'Vikings' creator Michael Hirst's new project 'Doctor Zhivago' will bring to life an epic tale of love, war and revolution
Fans believe that Michael Hirst will do more than justice to 'Doctor Zhivago' as he can transcend the love story and zoom in to the political climate during the Russian Revolution.
Exit our favorite seafaring warriors and enter 'Doctor Zhivago'.
The upcoming installation of 'Vikings' will be the last, and while we have a brief idea about what's coming next for our favorite 'Vikings,' characters, the creator of the show, Michael Hirst, has a new TV project and fans can't wait to see how the showrunner of the epic period drama will recreate the love story set in the backdrop of the Russian Revolution.
The classic novel 'Doctor Zhivago,' by Boris Pasternak is no stranger to big screens and small and was famously translated into a 1965 feature film by David Lean starring Omar Sharif. The 'War and Peace' writer Andrew also adapted it in 2002 as a miniseries starring Sam Neill and Keira Knightley.
Now, Hirst is developing the famous story of the gifted physician-poet, Zhivago as an eight-part series. Though there isn't much of a similarity between Hirst's flagship History Channel show and the upcoming period drama set in the backdrop of the Russian Revolution, fans have pointed out some similarities. Mainly the fact that both season 6 of 'Vikings' and the new project takes place in Russia.
Season 5 concluded with Bjorn Ironside ( Alexander Ludwig) taking the throne of Kattegat from Ivar the Boneless (Alex Høgh Andersen), who escapes to Rus, which is located in modern-day Russia. Fans opine that the majority of the course of action in the final season of 'Vikings' will take place in Rus, as even Ivar's dead wife, Freydis (Alicia Agneson) seems to be resurrected in the kingdom. Whereas in the 'Doctor Zhivago' version of Russia, the heroine is referred to as the "magical" Lara. There's some magic to the upcoming project of Hirst's and it's not just the place.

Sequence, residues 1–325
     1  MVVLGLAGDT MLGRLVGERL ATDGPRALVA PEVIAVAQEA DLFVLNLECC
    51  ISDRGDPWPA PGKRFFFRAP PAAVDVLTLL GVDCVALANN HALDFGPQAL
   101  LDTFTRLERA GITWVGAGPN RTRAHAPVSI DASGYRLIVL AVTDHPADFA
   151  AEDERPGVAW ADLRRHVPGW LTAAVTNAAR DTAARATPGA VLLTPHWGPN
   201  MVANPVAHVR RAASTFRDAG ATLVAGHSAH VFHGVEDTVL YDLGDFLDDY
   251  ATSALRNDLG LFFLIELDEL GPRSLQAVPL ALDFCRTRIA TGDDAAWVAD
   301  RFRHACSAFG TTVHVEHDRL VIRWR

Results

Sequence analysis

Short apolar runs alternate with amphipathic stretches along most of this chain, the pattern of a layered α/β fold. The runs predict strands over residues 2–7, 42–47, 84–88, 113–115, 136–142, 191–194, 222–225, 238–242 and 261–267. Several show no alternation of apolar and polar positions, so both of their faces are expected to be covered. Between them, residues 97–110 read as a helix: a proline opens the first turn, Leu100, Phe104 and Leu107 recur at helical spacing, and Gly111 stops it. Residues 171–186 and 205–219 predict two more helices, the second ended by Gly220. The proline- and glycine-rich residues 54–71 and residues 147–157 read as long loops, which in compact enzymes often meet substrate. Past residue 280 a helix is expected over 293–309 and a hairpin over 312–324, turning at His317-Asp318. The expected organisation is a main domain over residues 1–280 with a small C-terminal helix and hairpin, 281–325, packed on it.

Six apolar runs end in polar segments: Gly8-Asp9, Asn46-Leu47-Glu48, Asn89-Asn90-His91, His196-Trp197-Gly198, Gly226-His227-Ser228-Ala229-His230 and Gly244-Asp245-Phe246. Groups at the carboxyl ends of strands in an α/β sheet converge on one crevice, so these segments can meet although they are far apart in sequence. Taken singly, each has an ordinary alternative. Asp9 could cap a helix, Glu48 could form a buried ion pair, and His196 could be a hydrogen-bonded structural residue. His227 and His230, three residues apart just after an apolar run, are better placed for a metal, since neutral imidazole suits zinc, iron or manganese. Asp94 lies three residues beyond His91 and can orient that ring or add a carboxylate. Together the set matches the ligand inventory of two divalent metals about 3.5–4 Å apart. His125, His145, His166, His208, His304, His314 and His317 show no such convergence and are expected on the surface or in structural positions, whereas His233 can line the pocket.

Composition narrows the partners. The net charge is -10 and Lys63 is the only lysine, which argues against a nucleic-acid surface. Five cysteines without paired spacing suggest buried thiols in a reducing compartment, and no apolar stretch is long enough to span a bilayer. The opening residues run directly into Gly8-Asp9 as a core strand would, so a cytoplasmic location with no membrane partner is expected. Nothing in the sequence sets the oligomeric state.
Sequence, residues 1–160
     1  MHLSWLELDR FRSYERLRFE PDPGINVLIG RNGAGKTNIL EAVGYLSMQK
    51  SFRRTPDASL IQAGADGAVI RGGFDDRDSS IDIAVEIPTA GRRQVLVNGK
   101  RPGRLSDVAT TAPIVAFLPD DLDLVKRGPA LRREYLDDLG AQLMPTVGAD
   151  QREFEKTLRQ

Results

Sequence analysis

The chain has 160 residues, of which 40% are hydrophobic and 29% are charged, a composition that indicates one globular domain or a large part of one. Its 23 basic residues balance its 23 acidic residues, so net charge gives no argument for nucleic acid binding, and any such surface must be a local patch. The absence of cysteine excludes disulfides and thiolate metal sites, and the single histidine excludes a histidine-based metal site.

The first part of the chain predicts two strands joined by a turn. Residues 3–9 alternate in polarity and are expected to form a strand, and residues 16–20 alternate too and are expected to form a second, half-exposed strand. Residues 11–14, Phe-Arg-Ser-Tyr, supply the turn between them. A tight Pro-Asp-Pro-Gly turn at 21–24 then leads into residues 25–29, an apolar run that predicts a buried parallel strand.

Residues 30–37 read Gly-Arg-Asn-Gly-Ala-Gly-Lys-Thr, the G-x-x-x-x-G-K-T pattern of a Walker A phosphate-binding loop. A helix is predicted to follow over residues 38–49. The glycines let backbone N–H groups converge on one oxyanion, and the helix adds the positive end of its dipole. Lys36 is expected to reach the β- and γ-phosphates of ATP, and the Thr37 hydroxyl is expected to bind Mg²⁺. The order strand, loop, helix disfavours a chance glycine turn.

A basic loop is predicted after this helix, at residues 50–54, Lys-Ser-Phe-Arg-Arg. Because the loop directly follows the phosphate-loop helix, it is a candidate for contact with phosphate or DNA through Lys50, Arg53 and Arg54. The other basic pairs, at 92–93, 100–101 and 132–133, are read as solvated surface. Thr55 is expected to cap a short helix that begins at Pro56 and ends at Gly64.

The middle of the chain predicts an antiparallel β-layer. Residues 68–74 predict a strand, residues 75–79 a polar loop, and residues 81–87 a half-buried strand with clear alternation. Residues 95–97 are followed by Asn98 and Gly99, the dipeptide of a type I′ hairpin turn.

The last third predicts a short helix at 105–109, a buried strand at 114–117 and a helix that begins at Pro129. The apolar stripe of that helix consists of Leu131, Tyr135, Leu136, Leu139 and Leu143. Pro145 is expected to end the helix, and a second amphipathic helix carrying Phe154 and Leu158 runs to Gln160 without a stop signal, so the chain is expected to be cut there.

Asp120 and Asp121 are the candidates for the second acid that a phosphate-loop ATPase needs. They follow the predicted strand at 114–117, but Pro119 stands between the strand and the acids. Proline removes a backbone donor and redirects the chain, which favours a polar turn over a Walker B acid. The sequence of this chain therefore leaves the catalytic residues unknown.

The end of one epic saga only means the beginning of another. 'Vikings,' which began in 2013 and took over the world by storm is coming to an end, however, this mini-series will be a short binge compared to the first time it made headlines in 1965. The film on 'Doctor Zhivago,' ran for 3 hours and 17 minutes, making the critics criticize the length of the movie along with the storyline that focused on romance more than the revolution.
In later years, the film actually rose to critical acclaim as it bagged five Oscar nominations and even won one. 'Vikings,' with all of its cult following and growing fandom has been nominated quite a few times for the Emmys. Given that Hirst's 'Midas' touch is a real deal, the end of the 'Vikings,' is only the beginning of what is more to come from the 66-year-old screenwriter, who basically is the master of historical fiction.
In a statement to Deadline, Hirst said; "There are many people in the world today who are suffering as a consequence of wars, revolutions and societal disintegration. This project pushes the boundaries of the movie and will embrace the larger story of Dr. Zhivago’s own journey into the vortex of revolution; and it deliberately connects more with events today, from Latin America to the streets of Paris."
Of course, it is not fair to compare the shows on two different themes and timeline, but there's so much to look forward to especially Hirst's take on Vikings period of Rus, to the time of the Russian Revolution, which fans believe the showrunner will do much justice to and go beyond a tumultuous love story. We know that 'Vikings' and 'Tudors' creator can stir both love and war effortlessly.
Sounds like Michael Hirst is taking it beyond the love story, might be interesting.— Rebecca Anderson (@FidTradZ101) April 5, 2019
😮 I am so ready for this! https://t.co/SDuMZBLhaN— Rebecca A. Wilson (@shortstack514) April 7, 2019